6. How do you analyze court testimony?
Heres a conversation between the Commissioner and a female African witness, Akulechula. She also volunteers to give evidence.
One of the Europeans says, Is it in accordance with native custom for women to leave their town without the permission of their husbands? The woman says, It is against native custom for women to leave their houses without the permission of their husbands, but in this case, men had been made to pay tax, and the rumor that women were going to be taxed was spread around. Women became infuriated because they already had felt the burden of the tax on men.
And the European man says, You broke all the native custom because of that? And the woman says, We did not break anybodys things.
And the European says, I am speaking about this custom of asking permission from your husband. And the woman says, You say that I did not get permission from my husband. Is not your mother a woman? Were you not born by a woman?
And the European man says, again, You say that its against native custom to leave the town without the permission of your husbands. In this case, you left the town without the permission of your husbands. Is that not against native custom? And the woman says, I deny that we acted contrary to native custom. I admit that it is customary that women should leave the town with the permission of their husbands, but on this occasion it was said that women should pay tax, and that is why we left the town.
So then another European man says, Supposing that the men had forbidden the women from going round. What would have happened? And the woman says, We acted according to our own consciences because if one woman is taxed, other women also will be taxed. And the man says, again, But I said that if the men had forbidden the women from going round, what would have happened then? And the woman says, There is no law made by men that women should not move about. The matter did not concern men.
So there are two things going on with this testimony. The first thing is this whole idea about taxation. Europeans had the idea, when they brought taxation into Africa, that Africans should learn to pay their own way. They should pay their expenses. That it was morally right that they should be taxed so that that money could be used ostensibly to provide services to them and so that they werent getting a perceived free ride under colonialism.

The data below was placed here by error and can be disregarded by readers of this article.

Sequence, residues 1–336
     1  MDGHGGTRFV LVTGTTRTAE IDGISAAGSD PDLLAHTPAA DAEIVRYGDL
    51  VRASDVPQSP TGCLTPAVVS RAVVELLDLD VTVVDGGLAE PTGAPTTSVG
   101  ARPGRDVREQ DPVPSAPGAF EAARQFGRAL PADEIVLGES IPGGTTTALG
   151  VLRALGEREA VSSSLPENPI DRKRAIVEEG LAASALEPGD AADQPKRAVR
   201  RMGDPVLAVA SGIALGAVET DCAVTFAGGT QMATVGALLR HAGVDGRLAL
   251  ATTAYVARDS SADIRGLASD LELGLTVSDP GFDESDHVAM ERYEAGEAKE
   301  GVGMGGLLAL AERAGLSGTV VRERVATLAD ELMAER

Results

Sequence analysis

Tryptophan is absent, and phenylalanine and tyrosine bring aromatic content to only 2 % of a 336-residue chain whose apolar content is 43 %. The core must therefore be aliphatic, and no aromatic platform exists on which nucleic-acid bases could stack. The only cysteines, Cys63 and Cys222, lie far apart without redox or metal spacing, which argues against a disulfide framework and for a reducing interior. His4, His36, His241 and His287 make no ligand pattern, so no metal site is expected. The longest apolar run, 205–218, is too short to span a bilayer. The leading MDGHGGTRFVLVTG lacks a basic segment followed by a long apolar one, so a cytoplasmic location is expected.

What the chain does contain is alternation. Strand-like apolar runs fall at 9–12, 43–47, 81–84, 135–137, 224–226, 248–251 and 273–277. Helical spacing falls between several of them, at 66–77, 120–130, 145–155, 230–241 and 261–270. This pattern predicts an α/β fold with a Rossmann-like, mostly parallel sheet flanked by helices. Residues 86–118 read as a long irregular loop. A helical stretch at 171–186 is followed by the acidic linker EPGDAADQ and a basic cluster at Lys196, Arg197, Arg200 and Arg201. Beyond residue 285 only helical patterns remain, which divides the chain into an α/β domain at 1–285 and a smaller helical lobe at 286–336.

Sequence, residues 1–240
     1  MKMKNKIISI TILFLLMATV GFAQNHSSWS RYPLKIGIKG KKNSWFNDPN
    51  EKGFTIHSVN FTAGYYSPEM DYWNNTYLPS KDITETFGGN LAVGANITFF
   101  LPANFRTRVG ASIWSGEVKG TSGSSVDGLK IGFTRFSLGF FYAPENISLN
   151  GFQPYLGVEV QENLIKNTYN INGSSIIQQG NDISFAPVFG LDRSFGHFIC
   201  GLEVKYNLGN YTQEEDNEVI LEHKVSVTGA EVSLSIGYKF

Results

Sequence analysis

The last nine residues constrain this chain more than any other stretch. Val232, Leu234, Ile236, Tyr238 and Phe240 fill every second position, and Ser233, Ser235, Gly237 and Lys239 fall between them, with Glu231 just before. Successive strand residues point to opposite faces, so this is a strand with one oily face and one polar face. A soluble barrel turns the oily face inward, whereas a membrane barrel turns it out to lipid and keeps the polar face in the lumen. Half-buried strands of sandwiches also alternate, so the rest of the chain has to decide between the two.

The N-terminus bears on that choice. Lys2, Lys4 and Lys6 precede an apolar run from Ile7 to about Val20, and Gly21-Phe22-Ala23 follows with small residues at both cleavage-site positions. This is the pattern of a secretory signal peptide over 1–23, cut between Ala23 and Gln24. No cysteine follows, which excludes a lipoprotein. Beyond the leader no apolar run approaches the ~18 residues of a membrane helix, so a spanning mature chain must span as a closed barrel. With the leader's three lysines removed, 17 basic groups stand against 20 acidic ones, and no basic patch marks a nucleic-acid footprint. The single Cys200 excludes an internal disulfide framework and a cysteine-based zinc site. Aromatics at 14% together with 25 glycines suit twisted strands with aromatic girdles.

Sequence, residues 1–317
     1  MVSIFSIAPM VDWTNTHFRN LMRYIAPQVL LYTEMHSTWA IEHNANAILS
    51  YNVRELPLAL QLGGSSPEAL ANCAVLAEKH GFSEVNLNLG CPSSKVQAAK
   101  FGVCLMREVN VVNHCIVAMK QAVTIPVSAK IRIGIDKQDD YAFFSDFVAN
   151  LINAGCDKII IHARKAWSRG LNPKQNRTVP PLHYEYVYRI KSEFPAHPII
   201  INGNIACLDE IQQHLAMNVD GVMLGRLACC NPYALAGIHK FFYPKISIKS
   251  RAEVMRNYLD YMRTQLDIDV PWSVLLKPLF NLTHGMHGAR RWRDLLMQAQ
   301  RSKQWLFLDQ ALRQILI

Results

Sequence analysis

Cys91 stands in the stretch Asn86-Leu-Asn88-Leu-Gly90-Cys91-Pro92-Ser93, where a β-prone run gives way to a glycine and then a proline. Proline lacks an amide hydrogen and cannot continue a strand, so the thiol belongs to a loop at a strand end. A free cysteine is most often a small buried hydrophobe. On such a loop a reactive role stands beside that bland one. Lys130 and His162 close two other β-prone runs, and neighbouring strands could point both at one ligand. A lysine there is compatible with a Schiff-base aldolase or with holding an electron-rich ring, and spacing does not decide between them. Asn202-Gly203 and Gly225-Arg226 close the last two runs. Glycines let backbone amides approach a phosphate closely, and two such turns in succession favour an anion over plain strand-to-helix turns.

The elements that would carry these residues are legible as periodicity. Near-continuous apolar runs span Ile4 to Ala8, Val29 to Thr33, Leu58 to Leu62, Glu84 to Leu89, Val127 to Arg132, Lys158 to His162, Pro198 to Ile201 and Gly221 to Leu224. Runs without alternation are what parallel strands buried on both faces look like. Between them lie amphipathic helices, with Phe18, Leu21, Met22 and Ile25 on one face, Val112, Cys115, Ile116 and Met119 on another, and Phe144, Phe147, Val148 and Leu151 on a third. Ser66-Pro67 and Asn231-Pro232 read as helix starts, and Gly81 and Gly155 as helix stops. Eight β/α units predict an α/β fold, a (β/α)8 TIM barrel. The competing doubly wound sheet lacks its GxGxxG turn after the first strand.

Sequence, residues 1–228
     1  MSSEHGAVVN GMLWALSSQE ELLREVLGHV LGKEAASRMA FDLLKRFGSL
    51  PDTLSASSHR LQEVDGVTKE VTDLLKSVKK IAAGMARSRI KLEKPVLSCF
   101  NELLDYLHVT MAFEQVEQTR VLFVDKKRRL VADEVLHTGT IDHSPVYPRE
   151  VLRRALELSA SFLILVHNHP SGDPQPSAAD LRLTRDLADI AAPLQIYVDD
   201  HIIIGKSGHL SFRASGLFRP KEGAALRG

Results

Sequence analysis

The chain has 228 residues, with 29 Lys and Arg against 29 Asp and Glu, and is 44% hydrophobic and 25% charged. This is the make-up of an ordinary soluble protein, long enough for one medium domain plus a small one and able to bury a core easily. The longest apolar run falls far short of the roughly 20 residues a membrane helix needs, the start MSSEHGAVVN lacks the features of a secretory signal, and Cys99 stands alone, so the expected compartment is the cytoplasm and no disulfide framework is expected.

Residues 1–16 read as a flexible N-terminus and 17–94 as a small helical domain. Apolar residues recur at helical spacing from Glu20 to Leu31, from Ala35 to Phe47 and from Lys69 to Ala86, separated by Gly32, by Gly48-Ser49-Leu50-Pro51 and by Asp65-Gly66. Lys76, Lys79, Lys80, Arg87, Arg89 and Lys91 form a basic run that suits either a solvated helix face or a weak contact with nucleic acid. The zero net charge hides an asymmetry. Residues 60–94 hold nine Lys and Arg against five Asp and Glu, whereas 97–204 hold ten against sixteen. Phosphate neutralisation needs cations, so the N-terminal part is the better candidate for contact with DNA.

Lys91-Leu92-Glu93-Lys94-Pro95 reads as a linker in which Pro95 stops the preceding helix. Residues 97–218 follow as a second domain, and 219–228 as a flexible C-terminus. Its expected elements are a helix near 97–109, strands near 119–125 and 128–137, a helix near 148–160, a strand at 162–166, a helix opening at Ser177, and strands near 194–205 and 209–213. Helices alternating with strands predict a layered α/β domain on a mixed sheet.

The other thing that comes up here is that the European men who are involved in this case seem to be convinced that African men were behind the Womens War. That it must have been men in some way who instigated this. They almost could not conceive that African women could have done this by themselves. Not only perhaps because they werent capable of it, but also because they believed that African women were extremely oppressed, living in a very patriarchal society. Nothing more than beasts of burden. And so the idea that they had as much freedom to move around as they did came as a bit of shock to the European officials. They tried to get the women to admit that they broke custom, as Europeans understood it, and the women are saying we didnt break custom at all. And theres plainly a different idea about what the law means in this context.
When Europeans try to impose customary law, rule through customary law, on African societies, they do this because they perceive it as being less disruptive. Their idea of what customary law is, is very influenced by European law, the idea that its something that doesnt change. Plainly to the woman who is talking here, this is not what custom means. Custom is, in the broader sense, outside of the law, a set of practices that is usual, but is not inviolable, does not always get carried out the exact same way. And so she sees absolutely no contradiction in what shes saying. Plainly to the Europeans, theres some fundamental contradiction in what shes saying about the rights that women have vis-à-vis their husbands.